When the peak of a wave is amidships, causing the hull to bend so the ends of the keel are lower than the middle. The opposite of sagging. Also refers to a permanent distortion of the hull in the same manner caused, over time, by the bow and stern of a ship being less buoyant than the midships section. During the Age of Sail, shipwrights employed a number of different designs of braces to stiffen ships' hulls against this warping.

Related Terms

BUMPKIN

The spar projecting from stern of ship

TRAMP FREIGHTER

A cargo ship engaged in the tramp trade.

CORDAGE

Ropes in the rigging of a ship

WEATHER SIDE

The side of a ship exposed to the wind.

MODULATING WAVE

A wave which modulates a carrier wave.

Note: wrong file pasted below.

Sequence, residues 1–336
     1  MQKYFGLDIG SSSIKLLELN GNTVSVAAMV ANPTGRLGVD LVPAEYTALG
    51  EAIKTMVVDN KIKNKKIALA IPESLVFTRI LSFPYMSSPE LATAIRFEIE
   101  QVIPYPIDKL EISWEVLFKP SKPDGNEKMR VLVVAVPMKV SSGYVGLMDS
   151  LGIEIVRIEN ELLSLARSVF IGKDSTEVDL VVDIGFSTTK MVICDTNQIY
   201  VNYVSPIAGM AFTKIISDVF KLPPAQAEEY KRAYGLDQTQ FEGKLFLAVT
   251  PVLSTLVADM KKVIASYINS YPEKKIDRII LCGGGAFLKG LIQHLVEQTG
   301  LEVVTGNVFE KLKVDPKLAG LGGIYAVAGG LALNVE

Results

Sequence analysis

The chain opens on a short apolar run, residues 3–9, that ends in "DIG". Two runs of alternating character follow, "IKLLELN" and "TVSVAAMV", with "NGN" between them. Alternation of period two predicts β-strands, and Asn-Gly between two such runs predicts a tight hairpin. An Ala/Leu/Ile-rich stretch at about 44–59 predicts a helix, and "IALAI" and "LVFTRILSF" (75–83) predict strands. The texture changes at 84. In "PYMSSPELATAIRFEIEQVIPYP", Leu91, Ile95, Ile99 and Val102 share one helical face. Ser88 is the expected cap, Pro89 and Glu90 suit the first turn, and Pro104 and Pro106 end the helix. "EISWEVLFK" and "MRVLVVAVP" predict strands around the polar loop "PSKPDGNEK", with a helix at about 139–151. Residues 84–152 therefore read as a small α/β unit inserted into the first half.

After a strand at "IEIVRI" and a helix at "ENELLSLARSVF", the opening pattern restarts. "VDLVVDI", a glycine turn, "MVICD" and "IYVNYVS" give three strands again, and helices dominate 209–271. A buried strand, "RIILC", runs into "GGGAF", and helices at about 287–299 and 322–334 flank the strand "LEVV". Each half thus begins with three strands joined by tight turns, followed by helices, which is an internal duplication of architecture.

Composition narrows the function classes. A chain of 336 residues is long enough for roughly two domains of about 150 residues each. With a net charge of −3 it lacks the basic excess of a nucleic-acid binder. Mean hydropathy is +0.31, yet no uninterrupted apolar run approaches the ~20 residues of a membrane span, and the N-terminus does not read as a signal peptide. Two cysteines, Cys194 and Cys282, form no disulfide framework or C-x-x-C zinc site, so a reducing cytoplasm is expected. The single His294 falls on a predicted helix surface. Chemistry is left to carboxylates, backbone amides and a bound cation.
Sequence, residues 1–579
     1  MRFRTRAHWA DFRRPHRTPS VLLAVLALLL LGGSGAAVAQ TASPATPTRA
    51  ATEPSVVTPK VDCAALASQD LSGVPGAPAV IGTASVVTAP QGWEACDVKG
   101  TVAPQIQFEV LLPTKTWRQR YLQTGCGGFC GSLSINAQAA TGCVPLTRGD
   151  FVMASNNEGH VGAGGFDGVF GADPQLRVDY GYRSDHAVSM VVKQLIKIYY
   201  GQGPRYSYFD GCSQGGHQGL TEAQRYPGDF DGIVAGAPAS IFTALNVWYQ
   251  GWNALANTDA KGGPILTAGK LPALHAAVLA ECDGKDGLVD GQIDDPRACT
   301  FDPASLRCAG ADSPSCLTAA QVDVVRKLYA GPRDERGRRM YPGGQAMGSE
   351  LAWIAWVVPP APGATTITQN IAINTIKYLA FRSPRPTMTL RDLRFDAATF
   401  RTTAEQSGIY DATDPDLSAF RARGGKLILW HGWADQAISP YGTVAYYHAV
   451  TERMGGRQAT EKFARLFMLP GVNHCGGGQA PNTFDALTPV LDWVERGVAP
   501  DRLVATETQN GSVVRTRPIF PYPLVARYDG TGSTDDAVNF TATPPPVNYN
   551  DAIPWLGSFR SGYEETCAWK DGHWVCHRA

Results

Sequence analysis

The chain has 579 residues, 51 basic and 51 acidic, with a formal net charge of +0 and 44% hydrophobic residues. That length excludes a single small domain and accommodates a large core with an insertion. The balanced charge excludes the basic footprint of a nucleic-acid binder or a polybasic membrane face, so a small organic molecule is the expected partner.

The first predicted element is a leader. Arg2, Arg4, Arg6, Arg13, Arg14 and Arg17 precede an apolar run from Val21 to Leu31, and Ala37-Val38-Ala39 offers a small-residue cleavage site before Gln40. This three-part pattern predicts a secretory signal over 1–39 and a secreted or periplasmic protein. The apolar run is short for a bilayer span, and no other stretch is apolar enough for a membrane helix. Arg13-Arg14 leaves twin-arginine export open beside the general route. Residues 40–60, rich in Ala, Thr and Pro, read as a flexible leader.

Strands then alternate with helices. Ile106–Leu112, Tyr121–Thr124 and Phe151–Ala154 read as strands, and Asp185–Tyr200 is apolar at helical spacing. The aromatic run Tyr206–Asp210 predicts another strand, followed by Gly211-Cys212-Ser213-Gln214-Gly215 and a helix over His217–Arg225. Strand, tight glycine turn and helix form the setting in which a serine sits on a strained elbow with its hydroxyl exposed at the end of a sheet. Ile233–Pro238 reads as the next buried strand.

HEAVE

The oscillatory vertical rise and fall, due to the entire hull being lifted by the force of the sea. Also called HEAVING

DOGWATCH

A short, evening period of watch duty on a ship

SEA CHEST

An opening for supplying seawater to condensers, pumps, etc. located in the hull below the waterline and having means for the attachment of the associated piping

ANGSTROM UNITS

A unit of wave length, equal in length to one ten billionth.

SHELL PLATING

The plates forming the outer side and bottom skin of the hull

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